Below are the general dosing recommendations for buspirone and Xanax. However, it's best always to follow your healthcare provider's instructions on the proper dosage for you.
Xanax for anxiety: To treat anxiety, Xanax is typically prescribed from 0.25 milligrams (mg) to 0.5 milligrams three times a day. The dosage may be gradually increased every three to four days, up to a recommended maximum daily dose of 4 milligrams. The maximum daily dose is 10 milligrams.
Xanax for panic disorder: To treat panic disorder, extended-release Xanax may be initially prescribed at 0.5 milligrams three times a day. The dosage can be gradually increased every three to four days, but no more than 1 milligram daily. The maximum daily dose is 10 milligrams.
Buspirone for anxiety: The initial dosing is 10 milligrams to 15 milligrams per day in two to three divided doses. The dosage can be gradually increased by 5 milligrams every two to three days if necessary. The typical dosing range is 20 to 30 milligrams daily in two to three divided doses. It is important not to exceed a maximum daily dosage of 60 milligrams.
Buspirone and Xanax Drug Interactions
Taking Xanax with other drugs that make you sleepy or slow your breathing can cause dangerous side effects or death. Avoid combining with the following:
Other CNS depressants like alcohol, seizure medications, and psychotropic medications
CYP3A inhibitors (except ritonavir), such as ketoconazole and Sporanox (itraconazole)
CYP3A inducers, such as Luvox (fluvoxamine) and erythromycin
Ask your healthcare provider before using opioid medication, sleeping pills, muscle relaxers, or medicine for anxiety or seizures.
Tell your healthcare provider about all the medicines you’re taking. Many drugs can affect buspirone.
You should not take buspirone within 14 days of taking MAOIs, such as Nardil (phenelzine) and Parnate (tranylcypromine). Doing so can increase the risk of serotonin syndrome.
Other interactions that can occur with buspirone:
St. John's wort
Antibiotics, such as erythromycin and rifampin
Antifungal drugs, such as itraconazole and ketoconazole
Certain heart or blood pressure medications, such as Cardizem (diltiazem) and Verelan (verapamil)
Certain seizure medications, including Tegretol (carbamazepine), Dilantin (phenytoin), and phenobarbital
Monoamine oxidase (MAO) inhibitors, including Nardil (phenelzine) and Parnate (tranylcypromine)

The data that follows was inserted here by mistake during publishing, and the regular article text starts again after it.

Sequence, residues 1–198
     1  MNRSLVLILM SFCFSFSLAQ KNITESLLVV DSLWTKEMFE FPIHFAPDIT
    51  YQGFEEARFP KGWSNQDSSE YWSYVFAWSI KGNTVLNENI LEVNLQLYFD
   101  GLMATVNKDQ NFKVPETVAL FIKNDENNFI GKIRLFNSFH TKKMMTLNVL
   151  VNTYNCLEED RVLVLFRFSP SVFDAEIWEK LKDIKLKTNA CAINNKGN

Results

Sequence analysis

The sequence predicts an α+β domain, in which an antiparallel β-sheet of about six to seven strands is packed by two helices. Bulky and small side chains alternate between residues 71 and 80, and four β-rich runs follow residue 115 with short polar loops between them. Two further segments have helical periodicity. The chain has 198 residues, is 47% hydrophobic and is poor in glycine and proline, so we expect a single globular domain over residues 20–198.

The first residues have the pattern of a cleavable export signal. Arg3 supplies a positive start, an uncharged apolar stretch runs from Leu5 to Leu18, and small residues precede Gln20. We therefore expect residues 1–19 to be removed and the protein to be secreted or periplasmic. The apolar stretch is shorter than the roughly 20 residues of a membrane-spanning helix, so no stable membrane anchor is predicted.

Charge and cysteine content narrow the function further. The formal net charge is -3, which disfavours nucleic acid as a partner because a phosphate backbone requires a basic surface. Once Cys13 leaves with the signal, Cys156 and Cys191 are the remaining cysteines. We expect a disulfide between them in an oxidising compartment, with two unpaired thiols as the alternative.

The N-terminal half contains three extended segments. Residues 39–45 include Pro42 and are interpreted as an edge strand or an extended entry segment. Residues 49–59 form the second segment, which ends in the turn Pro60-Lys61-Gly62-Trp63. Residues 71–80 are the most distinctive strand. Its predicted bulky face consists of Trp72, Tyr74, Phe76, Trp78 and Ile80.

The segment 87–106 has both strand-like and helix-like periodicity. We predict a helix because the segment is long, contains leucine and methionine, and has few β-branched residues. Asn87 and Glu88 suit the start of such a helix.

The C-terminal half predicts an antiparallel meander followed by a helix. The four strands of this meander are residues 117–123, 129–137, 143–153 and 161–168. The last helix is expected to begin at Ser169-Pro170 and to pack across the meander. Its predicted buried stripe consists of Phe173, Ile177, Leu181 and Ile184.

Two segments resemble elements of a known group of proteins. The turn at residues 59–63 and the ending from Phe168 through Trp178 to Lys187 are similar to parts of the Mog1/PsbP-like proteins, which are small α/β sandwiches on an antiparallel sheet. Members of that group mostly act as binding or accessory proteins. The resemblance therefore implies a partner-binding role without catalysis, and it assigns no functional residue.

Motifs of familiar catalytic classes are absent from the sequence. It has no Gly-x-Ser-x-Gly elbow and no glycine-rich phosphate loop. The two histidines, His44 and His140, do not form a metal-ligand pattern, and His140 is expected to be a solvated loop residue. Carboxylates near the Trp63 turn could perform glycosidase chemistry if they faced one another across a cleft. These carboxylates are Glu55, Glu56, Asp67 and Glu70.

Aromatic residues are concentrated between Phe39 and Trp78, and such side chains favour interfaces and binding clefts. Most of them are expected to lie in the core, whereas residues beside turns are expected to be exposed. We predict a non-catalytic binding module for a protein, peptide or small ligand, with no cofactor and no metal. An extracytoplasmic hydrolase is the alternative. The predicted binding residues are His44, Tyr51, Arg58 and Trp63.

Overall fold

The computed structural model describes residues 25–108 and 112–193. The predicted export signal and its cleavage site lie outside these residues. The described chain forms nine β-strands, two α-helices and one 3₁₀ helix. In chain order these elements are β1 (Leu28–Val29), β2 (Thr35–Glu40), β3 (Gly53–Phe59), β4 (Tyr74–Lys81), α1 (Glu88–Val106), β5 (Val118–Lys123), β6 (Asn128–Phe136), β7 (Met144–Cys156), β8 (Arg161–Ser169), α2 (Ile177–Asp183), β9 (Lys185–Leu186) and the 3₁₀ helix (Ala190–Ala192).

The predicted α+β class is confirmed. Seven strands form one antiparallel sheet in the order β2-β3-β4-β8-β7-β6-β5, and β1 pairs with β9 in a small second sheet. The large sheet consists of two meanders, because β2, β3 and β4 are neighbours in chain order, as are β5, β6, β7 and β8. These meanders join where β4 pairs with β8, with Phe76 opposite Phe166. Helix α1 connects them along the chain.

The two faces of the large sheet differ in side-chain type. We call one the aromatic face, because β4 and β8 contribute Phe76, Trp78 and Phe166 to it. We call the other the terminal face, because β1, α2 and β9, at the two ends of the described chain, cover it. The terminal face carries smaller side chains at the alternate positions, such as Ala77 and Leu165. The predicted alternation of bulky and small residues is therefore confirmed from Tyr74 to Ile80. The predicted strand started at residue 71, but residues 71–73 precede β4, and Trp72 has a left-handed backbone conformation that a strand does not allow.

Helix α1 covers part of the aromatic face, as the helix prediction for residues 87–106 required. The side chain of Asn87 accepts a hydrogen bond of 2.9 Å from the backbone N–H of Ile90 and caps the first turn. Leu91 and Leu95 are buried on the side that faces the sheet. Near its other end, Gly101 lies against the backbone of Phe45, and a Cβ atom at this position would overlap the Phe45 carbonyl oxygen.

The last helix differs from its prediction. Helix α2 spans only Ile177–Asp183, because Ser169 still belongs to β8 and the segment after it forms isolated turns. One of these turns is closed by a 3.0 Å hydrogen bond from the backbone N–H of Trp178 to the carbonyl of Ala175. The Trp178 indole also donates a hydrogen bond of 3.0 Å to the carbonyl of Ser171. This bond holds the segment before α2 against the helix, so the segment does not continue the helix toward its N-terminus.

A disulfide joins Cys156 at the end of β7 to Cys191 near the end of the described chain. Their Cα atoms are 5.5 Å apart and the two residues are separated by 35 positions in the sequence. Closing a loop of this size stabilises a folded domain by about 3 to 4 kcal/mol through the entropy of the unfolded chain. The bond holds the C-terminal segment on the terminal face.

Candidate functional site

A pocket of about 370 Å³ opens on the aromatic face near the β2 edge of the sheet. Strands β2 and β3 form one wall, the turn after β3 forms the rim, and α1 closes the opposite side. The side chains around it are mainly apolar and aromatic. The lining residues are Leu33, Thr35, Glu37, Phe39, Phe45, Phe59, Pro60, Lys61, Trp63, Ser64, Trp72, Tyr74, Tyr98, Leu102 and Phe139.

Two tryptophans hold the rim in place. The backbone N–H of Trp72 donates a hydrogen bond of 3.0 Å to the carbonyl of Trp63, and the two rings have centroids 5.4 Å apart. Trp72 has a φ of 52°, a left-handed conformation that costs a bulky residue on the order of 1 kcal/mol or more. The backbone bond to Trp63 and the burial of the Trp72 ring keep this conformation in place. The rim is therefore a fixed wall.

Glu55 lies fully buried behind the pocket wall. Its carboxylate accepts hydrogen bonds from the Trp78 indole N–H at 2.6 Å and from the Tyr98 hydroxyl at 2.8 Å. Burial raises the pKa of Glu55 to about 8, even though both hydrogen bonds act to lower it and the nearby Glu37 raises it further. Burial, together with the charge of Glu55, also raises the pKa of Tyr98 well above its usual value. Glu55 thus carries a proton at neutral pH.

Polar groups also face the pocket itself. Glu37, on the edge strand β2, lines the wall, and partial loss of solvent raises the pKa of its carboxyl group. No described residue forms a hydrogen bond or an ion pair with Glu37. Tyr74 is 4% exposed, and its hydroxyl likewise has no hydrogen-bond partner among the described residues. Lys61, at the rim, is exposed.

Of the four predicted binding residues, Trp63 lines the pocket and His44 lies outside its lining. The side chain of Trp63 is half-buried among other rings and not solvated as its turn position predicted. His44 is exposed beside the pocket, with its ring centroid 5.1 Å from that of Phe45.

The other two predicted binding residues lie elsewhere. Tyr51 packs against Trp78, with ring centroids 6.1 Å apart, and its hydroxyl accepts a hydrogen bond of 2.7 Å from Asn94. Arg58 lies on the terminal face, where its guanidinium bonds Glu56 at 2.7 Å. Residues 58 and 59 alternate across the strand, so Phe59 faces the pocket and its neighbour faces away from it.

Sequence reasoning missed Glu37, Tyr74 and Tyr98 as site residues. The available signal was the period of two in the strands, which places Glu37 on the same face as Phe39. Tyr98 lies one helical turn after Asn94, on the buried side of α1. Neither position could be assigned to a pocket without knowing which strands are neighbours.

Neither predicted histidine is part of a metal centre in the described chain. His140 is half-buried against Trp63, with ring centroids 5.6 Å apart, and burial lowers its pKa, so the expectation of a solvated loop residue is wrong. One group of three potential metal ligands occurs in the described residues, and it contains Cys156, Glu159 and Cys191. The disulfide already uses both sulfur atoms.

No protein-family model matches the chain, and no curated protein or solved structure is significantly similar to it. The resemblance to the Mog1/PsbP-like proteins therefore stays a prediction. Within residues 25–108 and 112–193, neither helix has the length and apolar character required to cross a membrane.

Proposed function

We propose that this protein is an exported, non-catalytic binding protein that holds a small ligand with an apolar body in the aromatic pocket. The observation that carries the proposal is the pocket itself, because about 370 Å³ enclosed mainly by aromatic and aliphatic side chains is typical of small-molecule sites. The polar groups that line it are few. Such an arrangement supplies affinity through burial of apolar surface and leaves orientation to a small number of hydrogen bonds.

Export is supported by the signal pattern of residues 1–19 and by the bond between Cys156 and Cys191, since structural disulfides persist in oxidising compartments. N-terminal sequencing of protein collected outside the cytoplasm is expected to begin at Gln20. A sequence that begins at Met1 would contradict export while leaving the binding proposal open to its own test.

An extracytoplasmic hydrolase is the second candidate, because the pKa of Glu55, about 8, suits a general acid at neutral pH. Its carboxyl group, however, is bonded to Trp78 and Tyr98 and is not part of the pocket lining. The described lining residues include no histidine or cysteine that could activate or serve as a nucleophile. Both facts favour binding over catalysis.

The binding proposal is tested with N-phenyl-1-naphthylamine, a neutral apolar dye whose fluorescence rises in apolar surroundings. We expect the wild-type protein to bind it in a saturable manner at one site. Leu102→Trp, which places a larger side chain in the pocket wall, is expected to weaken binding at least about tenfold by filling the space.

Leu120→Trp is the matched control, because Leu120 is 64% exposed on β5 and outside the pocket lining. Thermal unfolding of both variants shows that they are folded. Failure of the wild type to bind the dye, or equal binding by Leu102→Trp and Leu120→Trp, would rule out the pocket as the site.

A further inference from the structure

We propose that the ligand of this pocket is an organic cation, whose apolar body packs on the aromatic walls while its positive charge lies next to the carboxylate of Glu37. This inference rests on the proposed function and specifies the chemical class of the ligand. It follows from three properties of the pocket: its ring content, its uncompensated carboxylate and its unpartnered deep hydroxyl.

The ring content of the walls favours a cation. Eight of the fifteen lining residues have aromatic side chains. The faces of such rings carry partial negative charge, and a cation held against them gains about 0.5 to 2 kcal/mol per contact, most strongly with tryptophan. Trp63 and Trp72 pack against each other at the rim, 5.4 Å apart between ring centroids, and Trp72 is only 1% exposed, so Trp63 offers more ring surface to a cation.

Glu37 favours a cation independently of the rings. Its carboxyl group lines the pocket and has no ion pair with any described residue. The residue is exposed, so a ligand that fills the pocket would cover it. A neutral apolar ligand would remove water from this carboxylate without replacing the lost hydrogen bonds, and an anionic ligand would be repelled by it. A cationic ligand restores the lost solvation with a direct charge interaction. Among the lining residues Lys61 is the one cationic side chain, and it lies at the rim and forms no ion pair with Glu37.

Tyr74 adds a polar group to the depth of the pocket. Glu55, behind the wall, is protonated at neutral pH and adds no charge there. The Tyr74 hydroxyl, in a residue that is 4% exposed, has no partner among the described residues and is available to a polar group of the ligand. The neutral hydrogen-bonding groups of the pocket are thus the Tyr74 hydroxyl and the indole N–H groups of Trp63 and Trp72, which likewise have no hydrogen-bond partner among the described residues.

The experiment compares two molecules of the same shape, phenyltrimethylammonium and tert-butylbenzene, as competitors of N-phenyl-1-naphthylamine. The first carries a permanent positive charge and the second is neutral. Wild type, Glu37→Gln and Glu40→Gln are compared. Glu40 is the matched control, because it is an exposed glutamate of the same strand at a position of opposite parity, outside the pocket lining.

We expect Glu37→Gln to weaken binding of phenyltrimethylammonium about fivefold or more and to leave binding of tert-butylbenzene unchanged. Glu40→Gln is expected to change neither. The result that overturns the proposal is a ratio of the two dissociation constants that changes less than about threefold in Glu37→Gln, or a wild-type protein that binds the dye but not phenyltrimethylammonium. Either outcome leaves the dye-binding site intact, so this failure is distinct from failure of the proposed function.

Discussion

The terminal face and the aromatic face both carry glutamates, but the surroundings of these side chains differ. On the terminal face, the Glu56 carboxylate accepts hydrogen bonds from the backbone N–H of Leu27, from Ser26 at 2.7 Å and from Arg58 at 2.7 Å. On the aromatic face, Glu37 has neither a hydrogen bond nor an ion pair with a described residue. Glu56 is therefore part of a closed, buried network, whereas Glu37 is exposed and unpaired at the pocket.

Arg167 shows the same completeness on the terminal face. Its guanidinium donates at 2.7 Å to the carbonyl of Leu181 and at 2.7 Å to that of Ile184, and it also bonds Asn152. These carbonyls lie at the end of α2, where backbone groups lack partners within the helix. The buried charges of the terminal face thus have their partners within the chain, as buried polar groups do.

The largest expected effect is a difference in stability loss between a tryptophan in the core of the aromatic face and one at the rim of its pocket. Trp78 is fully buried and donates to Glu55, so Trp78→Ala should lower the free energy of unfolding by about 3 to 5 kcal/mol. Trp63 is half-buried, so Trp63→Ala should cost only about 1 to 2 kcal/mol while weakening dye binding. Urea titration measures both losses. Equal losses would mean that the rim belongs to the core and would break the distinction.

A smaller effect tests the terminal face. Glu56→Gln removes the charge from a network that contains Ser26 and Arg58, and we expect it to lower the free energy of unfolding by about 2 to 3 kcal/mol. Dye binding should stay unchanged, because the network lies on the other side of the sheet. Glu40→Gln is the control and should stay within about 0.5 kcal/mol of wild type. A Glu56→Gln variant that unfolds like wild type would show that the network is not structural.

Other medications that induce or inhibit CYP3A4, such as nefazodone, Norvir (ritonavir), and dexamethasone
Also, avoid alcohol and drinking large amounts of grapefruit juice.
Who Should Not Take Buspirone vs Xanax?
Both buspirone and Xanax come with various safety warnings. Depending on certain health considerations, you may need to avoid taking either of these medications altogether.
You should avoid taking Xanax:
With opioids, alcohol, and other CNS depressants, this combination can cause severe drowsiness, excessive sleepiness, shallow or slowed breathing, or coma.
If you are taking certain medications, like strong CYP3A inhibitors (e.g., azole antifungals).
Talk to your healthcare provider about special precautions to take with Xanax if you:
Have a history of substance misuse or dependence.
Have a history of depression.
You should avoid taking buspirone:
If you are allergic to buspirone or any of its ingredients.
With any MAOIs.
While pregnant or breastfeeding.
Buspirone and Xanax are two common medications used to manage anxiety.
Studies show that buspirone and Xanax are equally effective at treating anxiety and its symptoms. However, they differ in the time they take to work, associated side effects, and the potential for abuse.
When determining which medication is right for you, your healthcare provider may consider several factors, such as your symptoms, medical history, and current medication use.
Frequently Asked Questions
Can buspirone or Xanax be used while pregnant or breastfeeding?
It is not advisable to use Xanax during pregnancy. Additionally, breastfeeding while taking Xanax is not recommended due to the risk of adverse reactions, including sedation and withdrawal symptoms, in breastfed infants.
Buspirone should be used during pregnancy only if needed. You should not breastfeed while using buspirone.
Inform your healthcare provider if you become pregnant, are planning to become pregnant, or are breastfeeding while taking either of these medications.
Is buspirone or Xanax more expensive?
The cost of your medication depends on your insurance plan and whether you are prescribed a brand name or generic version.
Xanax, a brand-name medication, will likely cost more than generic buspirone. However, Xanax is also available generically as alprazolam.
How long does buspirone and Xanax take to work?
Xanax is fully absorbed in one to two hours. It produces rapid relief of symptoms within the first week of treatment.
Buspirone doesn't provide immediate relief. Anxiety symptoms such as restlessness may initially worsen before gradually improving over time. It typically takes around two to four weeks for this medication to reduce anxiety effectively.